• Monday, May 27, 2024
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BusinessDay

Nigeria’s $3.2bn aluminium sinkhole sits idle for 27 years

Nigeria forms partnership with World Bank, IITA to boost agric innovation

Nigeria’s dream of a domestically-produced aluminium industry appears further out of reach as the $3.2 billion Aluminium Smelter Company of Nigeria (ALSCON) in Ikot Abasi, Akwa Ibom State, misses yet another deadline for its much-anticipated revival.

ALSCON was established purposely to utilise and enhance Nigeria’s huge gas reserves and to discourage gas flaring, which could be rechanneled to generate electricity for the smelter plant via a gas-to-power model.

The smelter, which was commissioned in 1999 but has been idle since 2007, was initially expected to resume operations in 2020, but that deadline was pushed back to 2023, and now, it appears unlikely to meet even that revised target.

The project has been plagued by delays, funding shortfalls, and contractual disputes for over two decades, with the latest missed deadline being the last quarter of 2023.

Kashim Shettima, Nigeria’s vice president had promised the plant will come on stream by the last quarter of 2023 while speaking at a meeting with the management of Russian Aluminium Company – UC Rusal (one of the partners of the project) and other stakeholders in the project on the sideline at last year’s Russia-Africa Summit in St. Petersburg,

“The sooner we get this plant back to production, the better for everyone. We need to walk the talk; the Nigerian people deserve better,” Shettima said last July.

At the same event, Gabriel Aduda, permanent secretary political and economic affairs office, office of the secretary to the government of the Federal Republic of Nigeria, told BusinessDay that agreements had been signed with Rusal (UC Rusal) to revive the plant.

“We are left with refining the financial obligation with UC to revive the project,” he said. “The plant should be ready in the last quarter of the year (2023).”

This latest setback has reignited criticism of the project, with many Nigerians questioning its viability and economic benefits.

Critics point to the project’s ballooning costs, missed deadlines, and lack of transparency as evidence of mismanagement and poor planning.

“It’s a national embarrassment,” said John Oboh, an economist based in Lagos. “This project has been going on for nearly 30 years, and we still have nothing to show for it. The government needs to come clean and tell us what’s really going on and whether this project is ever going to be completed.”

Rusal acknowledged the discussions but refrained from offering additional specifics. It held an 85 percent stake in the plant, with the Nigerian government possessing the remaining share.

BusinessDay reached out to Rusal on two different occasions via email for comment on the development of their agreement with the FG but did not get a response at the time of publication.

The origin of this saga can be traced back to a legal wrangle concerning the ownership of the plant, spanning numerous years and traversing various legal corridors before reaching the pinnacle of judicial authority.

The initial shareholders were: the Federal Government of Nigeria (FGN) and the Ferrostaal of Germany with a 70 percent and 30 percent shareholding ratio respectively. Subsequently Reynolds Incorporated acquired 10 percent of Ferrostaal’s shareholding in ALSCON. Consequently, the shareholding structure became FGN (70%), Ferrostaal (20%), and Reynolds (10%).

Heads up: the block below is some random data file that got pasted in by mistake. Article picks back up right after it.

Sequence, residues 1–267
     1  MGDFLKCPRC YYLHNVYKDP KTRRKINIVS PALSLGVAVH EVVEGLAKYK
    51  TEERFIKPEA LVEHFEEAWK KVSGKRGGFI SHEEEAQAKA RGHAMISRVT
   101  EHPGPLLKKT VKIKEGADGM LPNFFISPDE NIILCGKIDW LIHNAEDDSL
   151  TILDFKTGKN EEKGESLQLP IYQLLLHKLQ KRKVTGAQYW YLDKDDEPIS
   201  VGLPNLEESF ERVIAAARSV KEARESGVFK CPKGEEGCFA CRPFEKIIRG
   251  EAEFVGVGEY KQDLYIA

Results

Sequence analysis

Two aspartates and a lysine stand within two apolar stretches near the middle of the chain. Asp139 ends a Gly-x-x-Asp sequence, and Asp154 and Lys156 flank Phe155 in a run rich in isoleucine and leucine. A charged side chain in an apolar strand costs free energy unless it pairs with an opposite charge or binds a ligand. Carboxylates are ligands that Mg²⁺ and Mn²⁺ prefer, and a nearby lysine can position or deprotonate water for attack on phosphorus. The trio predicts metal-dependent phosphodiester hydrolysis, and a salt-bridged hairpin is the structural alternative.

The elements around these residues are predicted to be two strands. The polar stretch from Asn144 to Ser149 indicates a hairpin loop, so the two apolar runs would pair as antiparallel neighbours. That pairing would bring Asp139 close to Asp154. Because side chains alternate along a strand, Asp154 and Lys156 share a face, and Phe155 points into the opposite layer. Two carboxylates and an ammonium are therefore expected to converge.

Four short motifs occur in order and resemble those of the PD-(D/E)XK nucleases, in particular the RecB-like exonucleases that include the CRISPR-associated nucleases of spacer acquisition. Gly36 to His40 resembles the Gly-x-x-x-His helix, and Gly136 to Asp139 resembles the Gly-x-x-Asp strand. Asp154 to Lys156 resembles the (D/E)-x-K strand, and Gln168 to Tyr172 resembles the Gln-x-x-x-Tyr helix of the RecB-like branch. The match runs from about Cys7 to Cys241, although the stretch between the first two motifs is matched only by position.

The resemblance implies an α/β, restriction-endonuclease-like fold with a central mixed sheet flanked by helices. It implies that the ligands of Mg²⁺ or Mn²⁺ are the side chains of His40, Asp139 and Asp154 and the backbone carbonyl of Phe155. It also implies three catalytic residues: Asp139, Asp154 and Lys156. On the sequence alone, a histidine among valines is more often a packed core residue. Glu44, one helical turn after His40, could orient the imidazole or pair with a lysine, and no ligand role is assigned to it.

BusinessDay’s findings showed ALSCON commenced operations on October 15, 1997 but had to cease production on 6th June 1999 due to the withdrawal of Reynolds, the technical partner, because of irreconcilable differences between Ferrostaal and Reynolds, inadequate working capital, insufficient gas supply, and lack of dredging of the Imo River to facilitate the importation of raw materials and exportation of aluminium ingots (finished product).

The dispute sprouted from the privatisation initiative of ALSCON, wherein BFIGroup, a consortium of Nigerian and American interests, emerged victorious in the bidding process in 2004.

However, the BPE invalidated BFIGroup’s bid, instigating a protracted legal contest. In a ruling in 2012, the Supreme Court affirmed BFIGroup as the rightful bidder for ALSCON, mandating the company’s transfer to the consortium.

Despite the Supreme Court’s directive, the BPE, under Okoh’s stewardship, failed to comply. This defiance prompted BFIGroup to seek enforcement of the Supreme Court’s ruling in the Federal High Court in Abuja.

On December 17, 2019, Justice Anwuri Chikere presiding over the Federal High Court decreed Okoh’s imprisonment for at least 30 days due to his disregard of the Supreme Court’s mandate.

Subsequently, Okoh and the BPE appealed with the Federal Court of Appeal, seeking a halt to the execution of the High Court’s judgment. However, after two years, the Appeal Court found their appeal devoid of merit, thereby upholding the Federal High Court’s decision.

“The privatisation process for ALSCON was poorly done. A lot of privatised government entities have underperformed. There must be repercussions for poor decisions taken by Government officials, which affect the economy and our people,” Eze Odiri, a public sector consultant, said.

Talking about the impact of this on investment flow into Nigeria, Odiri, said “True and genuine investors will not come to Nigeria with non-transparent processes. That will continue to leave us with people without the capacity to run our assets aground. It’s a pitiful situation.”